Listen to part of a lecture in a structural engineering class.
Today let's begin to look at structural engineering in the Space Age.
Uh, new problems... new possibilities mean we can think in new ways, find radically different approaches.
So let's consider... uh, well, what would you say is the biggest obstacle today to putting structures, equipment, people... uh, anything really, into space?
Well, the cost, right?
Exactly. I mean, just taking the space shuttle up and back one time is hugely expensive.
I guess a lot of it is for fuel, right?
To... to get the rocket going fast enough.
OK. Fast enough to…
To escape Earth's gravity.
Good. So we are burning up an enormous amount of fuel at every launch just to get the rocket up to what's known as escape velocity.
Now, escape velocity is around 11 kilometers a second, pretty fast.
But do we really have to go this fast?
Well, yeah. I mean, how else can you, um... escape?
I mean, that's the whole point of escape velocity, right?
Otherwise gravity will pull you back down to the Earth.
Actually, that's a common misconception.
Escape velocity is simply the speed of an object that's... uh, let's say, shot out of a cannon the minimum initial speed, so that the object could later escape Earth's gravity on its own.
But that's just if there's no additional force being applied.
If you keep on supplying force to the object, keep on pushing it upward.
It could pull away from Earth's gravity at any speed.
Even really slow?
So you're saying... like, if you had a ladder tall enough, you could just climb into space?
Yeah! Uh, well, theoretically.
I mean, I can see some practical problems with the ladder example.
Uh, like you might get just a little bit tired out after the first few thousand kilometers or so, uh, especially with all the oxygen tanks you'll have to be hauling up with you.
No. I was thinking more along the lines of an elevator.
Wait! You are serious?
Sure. An elevator. That's a new idea to most of us, but in fact it's been around for over a century.
If we could power such an elevator with solar energy, we could simply rise up into space for a fraction of the cost of a trip by rocket or shuttle.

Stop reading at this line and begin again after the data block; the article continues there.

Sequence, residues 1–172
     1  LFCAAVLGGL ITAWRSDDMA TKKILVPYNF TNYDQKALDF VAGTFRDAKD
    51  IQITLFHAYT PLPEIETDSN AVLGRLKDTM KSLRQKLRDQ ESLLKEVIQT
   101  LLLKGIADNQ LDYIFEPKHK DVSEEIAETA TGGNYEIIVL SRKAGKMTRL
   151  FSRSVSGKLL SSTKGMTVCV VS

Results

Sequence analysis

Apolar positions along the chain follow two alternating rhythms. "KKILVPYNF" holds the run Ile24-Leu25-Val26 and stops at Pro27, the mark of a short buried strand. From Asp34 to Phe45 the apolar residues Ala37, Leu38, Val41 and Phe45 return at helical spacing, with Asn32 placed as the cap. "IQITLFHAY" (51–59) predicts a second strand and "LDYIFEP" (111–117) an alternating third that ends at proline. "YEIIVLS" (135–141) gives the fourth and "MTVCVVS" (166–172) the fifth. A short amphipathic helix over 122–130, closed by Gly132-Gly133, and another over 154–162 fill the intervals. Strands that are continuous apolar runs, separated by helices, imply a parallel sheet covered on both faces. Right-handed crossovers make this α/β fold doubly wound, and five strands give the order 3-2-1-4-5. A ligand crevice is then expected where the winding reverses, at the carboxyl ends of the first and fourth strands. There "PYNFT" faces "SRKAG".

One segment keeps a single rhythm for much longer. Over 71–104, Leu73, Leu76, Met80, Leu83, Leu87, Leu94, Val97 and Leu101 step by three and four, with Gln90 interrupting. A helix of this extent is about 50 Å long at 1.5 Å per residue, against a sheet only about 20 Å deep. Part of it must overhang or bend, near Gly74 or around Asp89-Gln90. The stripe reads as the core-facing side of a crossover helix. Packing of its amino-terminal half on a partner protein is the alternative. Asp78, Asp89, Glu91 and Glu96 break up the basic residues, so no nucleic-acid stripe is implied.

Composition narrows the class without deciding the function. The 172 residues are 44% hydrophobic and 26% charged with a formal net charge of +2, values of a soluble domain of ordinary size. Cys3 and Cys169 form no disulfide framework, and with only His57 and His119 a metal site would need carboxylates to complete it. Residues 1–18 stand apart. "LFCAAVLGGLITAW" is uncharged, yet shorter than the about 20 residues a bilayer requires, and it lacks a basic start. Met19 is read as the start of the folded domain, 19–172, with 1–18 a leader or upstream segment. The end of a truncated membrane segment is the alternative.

But wait, elevators don't just rise up.
They have to hang on some kind of wire or track or something.
Uh, true. And for decades that's exactly what's prevented the idea from being feasible or even just taken seriously.
Where do we find the material strong enough yet lightweight enough to act as a cable or track.
I mean, we are talking 36,000 kilometers here.
And the strain on the cable would be more than most materials could bear.
But a new material developed recently has a tensile strength higher than diamond, yet it's much more flexible.
I am talking about carbon nanotubes.
OK. I've read something about carbon nanotubes. They are strong, alright, but aren't they just very short little cylinders in shape?
Ah, yes. But these cylinders cling together at a molecular level.
You pull out one nanotube or a row of nanotubes, and its neighbor's come with it, and their neighbors, and so on.
So you could actually draw out a 36,000-kilometer strand or ribbon of nanotubes stronger than steel, but maybe a thousandth the thickness of a human hair.
OK. Fine. But what's going to hold this ribbon up and keep it rigid enough to support an elevator car?
Well, we definitely have to anchor it at both ends.
So what we need is a really tall tower here on the ground right at the equator and a satellite in geostationary orbit around the Earth.
There's a reason I mentioned that figure of 36,000 kilometers.
That's about how high an object would have to be orbiting straight up from the equator to constantly remain directly above the exact same spot on the rotating planet Earth.
So once you are in this geostationary orbit right over the tower, just lower your carbon nanotube cable down from the satellite, tether it to the tower here on Earth and there you have it!
So you really think this is a possibility? Like, how soon could it happen?
Well, the science fiction writer Arthur C. Clarke talked about building a space elevator back in the 1970s.
And when someone asked him when he thought this idea might become a reality, his reply was, "Probably about fifty years after everybody quits laughing".